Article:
'Oversold and underused' was a wake-up call in 2003. Bob Harrison asks Larry Cuban what has changed since then
Larry CubanLarry Cuban, professor emeritus at Stanford University, has spent many years researching, thinking, reflecting and writing about the relationship between digital technology, teaching and learning and classroom practice. His book Oversold and Underused - Computers in the Classroom was, in 2003, a critical contribution to the then emerging debate about the potential impact of digital technologies  on classroom practice.

For nearly three years Larry’s blog “School reform and classroom practice” has informed the debate and challenged some of the myths which surround this issue. And while he remains a trenchant critic, he feels more positive about technology's inroads into classrooms.

Over the past few years I have made regular study visits to California's Palo Alto and some of the organisations that have been born from the unique combination of Stanford’s intellectual capacity, venture capital and an entrepreneurial spirit. Companies like Google, Linkedin, Cisco, Sun, Apple, Hewlett Packard to name a few.

This year Larry kindly invited me to spend some time at his home so we could explore whether his views had changed given the increased volume of research now available, and to discuss conditions in the the USA and the UK – the US has recently published its ambitious National Technology for Education Plan and last year the Coalition Government buried the “Harnessing Technology” policy and closed down national ICT agency Becta.

So over a cup of tea and a chocolate brownie I put these questions to Larry: 

It is ten years since you published your book. Have your views about the use of technology for teaching and learning changed?

LC: Over the past decade, I have met with teachers, administrators, state policymakers, and district board members across the nation, all of whom were eager to talk about their experiences in using computers for instruction. Many had read Oversold and Underused; others had heard about the book and the research that I had reported. Many wanted me to answer their questions, tell me where I had erred, and raise issues that I had neglected to cover in the book.

In responding to the questions, I made clear that my views about the centrality of the teacher – the gatekeeper to the classroom – had not changed a bit. However, my views about the degree to which teachers would adopt and use hardware and software as part of daily lessons had. What I reported in Oversold and Underused was minimal teacher and professor use of technology in classrooms. Since then, with new machines appearing on the market and in schools annually, particularly, hand-held devices, I have seen in my research in schools a clear trend line of increasing teacher and student use of new technologies in classrooms. The growth of online schooling and rise of blended learning options have contributed greatly to that trend as well.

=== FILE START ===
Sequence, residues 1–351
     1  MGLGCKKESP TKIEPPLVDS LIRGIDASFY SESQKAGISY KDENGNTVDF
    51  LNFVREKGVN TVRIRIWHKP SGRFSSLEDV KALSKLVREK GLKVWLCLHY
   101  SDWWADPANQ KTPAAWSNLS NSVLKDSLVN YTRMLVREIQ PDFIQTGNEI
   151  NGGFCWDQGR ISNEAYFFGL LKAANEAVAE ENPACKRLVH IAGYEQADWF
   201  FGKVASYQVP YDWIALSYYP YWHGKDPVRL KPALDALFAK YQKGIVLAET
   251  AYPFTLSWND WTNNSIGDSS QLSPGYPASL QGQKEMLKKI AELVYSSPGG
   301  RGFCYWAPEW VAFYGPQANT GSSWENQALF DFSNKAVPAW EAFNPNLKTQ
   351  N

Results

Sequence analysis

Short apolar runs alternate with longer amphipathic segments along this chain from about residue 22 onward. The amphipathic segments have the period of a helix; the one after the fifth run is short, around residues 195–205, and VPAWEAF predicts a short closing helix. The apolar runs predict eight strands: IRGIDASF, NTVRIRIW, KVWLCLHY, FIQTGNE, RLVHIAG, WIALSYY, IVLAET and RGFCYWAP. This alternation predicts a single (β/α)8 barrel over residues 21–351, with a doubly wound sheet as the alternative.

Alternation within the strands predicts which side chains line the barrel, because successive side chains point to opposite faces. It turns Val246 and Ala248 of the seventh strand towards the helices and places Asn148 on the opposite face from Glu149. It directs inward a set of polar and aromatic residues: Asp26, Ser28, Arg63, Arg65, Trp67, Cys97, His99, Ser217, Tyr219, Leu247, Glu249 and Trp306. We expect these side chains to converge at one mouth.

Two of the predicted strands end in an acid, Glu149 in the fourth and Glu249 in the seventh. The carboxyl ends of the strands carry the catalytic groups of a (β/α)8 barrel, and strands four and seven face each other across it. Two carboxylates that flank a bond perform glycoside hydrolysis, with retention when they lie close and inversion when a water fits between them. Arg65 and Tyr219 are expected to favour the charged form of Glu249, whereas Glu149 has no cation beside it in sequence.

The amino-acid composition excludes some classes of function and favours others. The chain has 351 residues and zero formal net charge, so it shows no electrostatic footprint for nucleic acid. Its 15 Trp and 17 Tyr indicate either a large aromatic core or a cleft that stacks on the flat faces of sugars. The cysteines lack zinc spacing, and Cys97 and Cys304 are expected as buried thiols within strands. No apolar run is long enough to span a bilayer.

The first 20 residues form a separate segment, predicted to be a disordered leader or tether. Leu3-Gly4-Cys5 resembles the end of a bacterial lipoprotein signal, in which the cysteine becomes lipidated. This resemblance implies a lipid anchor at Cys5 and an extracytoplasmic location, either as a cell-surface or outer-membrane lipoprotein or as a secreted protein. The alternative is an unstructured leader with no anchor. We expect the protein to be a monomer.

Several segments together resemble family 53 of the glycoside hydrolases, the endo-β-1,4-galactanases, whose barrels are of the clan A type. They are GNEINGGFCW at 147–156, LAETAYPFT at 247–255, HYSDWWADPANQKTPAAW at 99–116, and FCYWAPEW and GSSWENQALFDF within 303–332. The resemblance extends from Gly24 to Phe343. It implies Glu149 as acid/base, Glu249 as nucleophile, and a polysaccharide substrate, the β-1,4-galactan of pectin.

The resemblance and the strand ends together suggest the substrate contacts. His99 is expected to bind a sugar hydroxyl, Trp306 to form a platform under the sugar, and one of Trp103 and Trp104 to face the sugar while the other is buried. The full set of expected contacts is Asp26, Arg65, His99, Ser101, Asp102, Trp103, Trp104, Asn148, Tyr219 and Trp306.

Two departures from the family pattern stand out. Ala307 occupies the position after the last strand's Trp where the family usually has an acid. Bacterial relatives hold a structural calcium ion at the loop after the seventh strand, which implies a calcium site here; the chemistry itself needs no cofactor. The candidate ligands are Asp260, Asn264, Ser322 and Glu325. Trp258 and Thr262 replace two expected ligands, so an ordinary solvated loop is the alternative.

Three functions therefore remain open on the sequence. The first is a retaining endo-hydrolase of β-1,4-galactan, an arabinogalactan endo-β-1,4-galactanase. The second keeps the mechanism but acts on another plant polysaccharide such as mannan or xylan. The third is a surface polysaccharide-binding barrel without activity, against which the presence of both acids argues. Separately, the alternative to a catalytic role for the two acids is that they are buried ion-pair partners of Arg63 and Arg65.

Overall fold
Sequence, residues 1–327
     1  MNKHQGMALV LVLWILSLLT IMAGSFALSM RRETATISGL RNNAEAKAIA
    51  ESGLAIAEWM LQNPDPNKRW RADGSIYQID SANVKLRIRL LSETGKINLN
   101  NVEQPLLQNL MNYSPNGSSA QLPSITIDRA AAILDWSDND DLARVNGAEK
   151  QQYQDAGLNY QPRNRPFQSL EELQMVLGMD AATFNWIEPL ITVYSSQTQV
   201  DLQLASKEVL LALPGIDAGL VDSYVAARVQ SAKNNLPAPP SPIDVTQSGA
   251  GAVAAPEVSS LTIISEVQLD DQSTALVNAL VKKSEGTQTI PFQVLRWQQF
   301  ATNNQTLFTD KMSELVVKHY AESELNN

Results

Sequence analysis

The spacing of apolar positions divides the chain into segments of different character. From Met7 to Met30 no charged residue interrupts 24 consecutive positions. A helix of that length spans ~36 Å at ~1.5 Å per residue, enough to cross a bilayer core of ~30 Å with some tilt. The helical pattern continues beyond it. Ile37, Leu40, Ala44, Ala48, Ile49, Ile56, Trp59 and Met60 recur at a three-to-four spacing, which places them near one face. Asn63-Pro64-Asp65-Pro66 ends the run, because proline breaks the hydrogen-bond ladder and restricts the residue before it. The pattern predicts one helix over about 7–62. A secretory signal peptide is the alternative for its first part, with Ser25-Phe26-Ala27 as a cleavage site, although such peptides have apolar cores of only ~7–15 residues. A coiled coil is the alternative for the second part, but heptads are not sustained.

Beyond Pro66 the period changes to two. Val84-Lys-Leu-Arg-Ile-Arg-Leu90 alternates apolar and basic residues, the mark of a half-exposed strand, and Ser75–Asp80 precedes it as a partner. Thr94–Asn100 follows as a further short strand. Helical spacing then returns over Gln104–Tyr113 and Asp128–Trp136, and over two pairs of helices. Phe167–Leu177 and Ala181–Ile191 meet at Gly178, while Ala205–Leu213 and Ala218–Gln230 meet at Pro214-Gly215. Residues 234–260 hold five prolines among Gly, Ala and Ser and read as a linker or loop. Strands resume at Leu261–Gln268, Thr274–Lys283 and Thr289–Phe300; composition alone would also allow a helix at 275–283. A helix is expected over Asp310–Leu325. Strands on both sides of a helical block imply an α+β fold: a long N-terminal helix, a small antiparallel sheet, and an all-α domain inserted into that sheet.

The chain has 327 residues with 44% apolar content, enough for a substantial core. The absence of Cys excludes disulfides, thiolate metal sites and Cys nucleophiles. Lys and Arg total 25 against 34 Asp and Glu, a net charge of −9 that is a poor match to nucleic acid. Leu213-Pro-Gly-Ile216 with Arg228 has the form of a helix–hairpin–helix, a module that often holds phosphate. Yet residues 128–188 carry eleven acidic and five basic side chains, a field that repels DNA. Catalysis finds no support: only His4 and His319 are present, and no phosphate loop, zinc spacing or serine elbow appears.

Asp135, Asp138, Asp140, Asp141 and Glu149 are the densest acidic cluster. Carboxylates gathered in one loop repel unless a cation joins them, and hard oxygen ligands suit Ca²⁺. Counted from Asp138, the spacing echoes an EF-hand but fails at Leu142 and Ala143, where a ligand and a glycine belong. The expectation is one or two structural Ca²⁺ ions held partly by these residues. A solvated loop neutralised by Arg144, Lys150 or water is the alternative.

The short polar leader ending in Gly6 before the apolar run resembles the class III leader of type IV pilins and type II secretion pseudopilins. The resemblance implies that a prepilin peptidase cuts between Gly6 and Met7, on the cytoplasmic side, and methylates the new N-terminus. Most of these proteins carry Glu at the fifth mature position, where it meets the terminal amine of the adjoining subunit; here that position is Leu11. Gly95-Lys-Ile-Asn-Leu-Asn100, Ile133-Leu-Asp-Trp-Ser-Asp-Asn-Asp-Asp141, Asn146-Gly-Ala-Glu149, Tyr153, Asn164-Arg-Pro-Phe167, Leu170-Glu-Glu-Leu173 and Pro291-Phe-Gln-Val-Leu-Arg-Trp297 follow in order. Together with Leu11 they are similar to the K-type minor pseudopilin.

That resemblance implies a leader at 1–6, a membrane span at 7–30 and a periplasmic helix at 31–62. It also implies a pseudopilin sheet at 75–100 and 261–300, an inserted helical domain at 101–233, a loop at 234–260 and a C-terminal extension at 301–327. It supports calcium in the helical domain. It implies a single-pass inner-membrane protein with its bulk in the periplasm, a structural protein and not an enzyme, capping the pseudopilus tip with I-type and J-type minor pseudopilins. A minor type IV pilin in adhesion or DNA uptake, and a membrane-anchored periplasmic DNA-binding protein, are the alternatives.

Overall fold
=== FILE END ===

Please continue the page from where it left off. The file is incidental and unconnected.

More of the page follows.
While the trend is toward greater integration of technology into lessons, the overall portion of daily use falls well below half of teach time spent in instruction, even in those schools with 1:1 computing. I also note that the uses of the new technologies tend to be familiar (ie internet searches, direct instruction via interactive whiteboards, PowerPoint presentations, word processing, etc) and fall within the usual sequence of lessons (eg going over homework, use of textbook, teacher questioning, worksheets – often on screens now, etc) rather than the imaginative uses that champions of the new hardware/software envisioned.  

A common and recurrent theme through your research and writings is the importance of the role of the teacher in using technology. Do you feel this is still the case?

LC: Of course, teachers’ expertise, beliefs, and thinking are central to student learning in schools. It is not the only influence on students, of course, but it is pivotal, especially when it comes to the use of hardware and software in classroom lessons. As a gatekeeper to the classroom and policy broker, that is, the teacher determines what comes into the classroom and what stays insofar as lessons are concerned. Teachers are crucial in figuring out how to integrate laptops, tablets, and hand-held devices. For blended schools where online learning is customised for individual students for part of the school day, teachers still work with students in classes and small groups. I, for one, do not foresee online learning where teaching occurs at a distance replacing regular schools, so teachers will remain central to formal schooling.